Third, the KonMari Method was developed only a few years before Kondo wrote her book, and no serious scientific studies have been conducted in order to verify that all the people who apply this method to their lives never go back to their original state of clutter.

Fourth, Kondo’s proposal that the KonMari Method can be universally effective for people from different countries and cultures is questionable. It is certainly questionable with regard to American and Western European cultures, where the KonMari Method, which promotes minimalism, clashes with the culture of over-consumption and the mainstream belief that buying more things can make people feel happy.

From a very young age, people in the US and Europe are continuously subjected to marketing messages about having a spark of joy when they acquire material possessions. Consequently, it is difficult (and sometimes even impossible) for them to distinguish a spark of joy that they have when an item makes emotional connections with their true inner nature from a spark of joy that they get because they have been conditioned (programmed) by the marketing industry to experience joy from acquiring material possessions.

The KonMari Method does not help people to distinguish these two kinds of joy, and Kondo does not address this problem in her book. She does not suggest any meaningful way for her followers to develop awareness of how marketing techniques affect their psychology, defining their ability to experience joy from buying things and cluttering up their homes.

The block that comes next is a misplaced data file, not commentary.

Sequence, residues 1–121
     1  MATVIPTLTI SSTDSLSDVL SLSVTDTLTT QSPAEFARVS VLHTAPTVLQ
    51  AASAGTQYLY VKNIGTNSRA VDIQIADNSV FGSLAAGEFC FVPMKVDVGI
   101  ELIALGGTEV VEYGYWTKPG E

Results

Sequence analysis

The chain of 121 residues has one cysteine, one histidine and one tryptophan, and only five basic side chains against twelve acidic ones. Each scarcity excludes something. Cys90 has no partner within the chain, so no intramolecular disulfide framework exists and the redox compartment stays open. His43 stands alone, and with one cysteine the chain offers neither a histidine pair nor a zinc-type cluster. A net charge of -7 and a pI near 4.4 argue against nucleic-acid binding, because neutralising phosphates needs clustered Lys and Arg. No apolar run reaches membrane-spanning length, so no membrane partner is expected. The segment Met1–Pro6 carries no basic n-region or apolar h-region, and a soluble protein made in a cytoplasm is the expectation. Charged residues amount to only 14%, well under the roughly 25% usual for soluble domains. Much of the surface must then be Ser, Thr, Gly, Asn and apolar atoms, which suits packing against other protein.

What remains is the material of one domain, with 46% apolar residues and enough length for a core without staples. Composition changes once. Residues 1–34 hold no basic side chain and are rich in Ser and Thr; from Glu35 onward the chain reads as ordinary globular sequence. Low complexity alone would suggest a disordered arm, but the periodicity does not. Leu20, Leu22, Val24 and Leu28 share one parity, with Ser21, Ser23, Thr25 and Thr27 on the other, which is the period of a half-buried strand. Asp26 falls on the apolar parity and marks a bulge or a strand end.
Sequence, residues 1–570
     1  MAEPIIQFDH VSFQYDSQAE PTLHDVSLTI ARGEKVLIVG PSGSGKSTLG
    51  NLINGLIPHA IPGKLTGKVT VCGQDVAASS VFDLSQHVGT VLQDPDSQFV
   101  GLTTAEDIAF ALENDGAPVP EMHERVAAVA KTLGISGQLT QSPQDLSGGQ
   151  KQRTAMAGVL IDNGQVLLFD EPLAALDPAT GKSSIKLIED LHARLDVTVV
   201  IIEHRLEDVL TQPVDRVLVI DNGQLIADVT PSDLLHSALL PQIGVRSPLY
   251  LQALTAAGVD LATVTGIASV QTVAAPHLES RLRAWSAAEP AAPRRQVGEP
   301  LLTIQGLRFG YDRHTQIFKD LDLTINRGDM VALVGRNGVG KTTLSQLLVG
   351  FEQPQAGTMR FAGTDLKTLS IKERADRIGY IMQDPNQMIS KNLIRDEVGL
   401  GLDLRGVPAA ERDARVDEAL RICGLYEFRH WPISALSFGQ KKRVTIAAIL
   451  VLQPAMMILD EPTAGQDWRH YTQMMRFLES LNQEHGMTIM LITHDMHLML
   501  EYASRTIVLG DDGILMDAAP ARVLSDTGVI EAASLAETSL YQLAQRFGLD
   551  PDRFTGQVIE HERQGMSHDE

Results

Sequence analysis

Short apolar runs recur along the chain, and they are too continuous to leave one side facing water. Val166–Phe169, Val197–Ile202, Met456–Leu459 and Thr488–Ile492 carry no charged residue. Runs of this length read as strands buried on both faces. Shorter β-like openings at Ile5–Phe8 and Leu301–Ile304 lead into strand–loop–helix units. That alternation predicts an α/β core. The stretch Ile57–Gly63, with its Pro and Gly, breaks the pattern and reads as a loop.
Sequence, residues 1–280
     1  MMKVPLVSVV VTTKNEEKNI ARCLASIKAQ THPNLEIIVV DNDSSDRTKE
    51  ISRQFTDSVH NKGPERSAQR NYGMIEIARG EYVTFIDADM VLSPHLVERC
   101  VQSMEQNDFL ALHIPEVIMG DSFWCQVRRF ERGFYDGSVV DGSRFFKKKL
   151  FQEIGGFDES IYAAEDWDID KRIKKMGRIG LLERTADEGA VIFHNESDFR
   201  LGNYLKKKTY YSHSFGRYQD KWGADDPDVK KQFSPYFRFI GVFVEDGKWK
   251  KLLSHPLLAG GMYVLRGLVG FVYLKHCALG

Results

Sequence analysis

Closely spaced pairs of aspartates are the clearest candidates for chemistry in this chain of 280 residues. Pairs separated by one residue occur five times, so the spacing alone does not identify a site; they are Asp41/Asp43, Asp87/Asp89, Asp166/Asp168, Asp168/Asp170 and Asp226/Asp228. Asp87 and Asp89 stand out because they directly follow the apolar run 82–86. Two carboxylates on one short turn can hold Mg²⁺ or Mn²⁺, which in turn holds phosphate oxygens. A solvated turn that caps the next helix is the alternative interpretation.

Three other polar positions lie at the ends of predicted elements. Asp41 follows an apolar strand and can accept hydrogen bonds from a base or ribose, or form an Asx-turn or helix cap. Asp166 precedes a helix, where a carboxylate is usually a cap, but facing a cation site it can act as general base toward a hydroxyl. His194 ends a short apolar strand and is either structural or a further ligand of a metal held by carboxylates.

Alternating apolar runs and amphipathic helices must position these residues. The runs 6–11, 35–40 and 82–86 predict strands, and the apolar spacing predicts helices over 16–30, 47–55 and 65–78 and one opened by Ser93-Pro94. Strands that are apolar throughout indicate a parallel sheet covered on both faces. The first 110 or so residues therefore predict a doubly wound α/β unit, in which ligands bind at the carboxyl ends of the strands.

In some cases, informal social expectations and biases can play a role in addition to planned marketing manipulation. For example, a person can experience a spark of joy when buying an item that “plays along” with the person’s vanity or when the item allows the person to create the appearance of achieving certain social status. These motives will not make the person happier over time, but the person will nevertheless experience a spark of joy from possessing those items and holding them in his or her hands.

Kondo writes that the things that people own are the consequences of the choices that they make, and by discarding objects indiscriminately, people are denying responsibility for the choices they make. Unfortunately, Kondo does not discusses how our social and economic systems affect these choices—to over-consume, buy things that are not needed and clutter our homes. The KonMari Method does not address the fact that the mainstream culture of over-consumption is the reason for cluttering in many cases.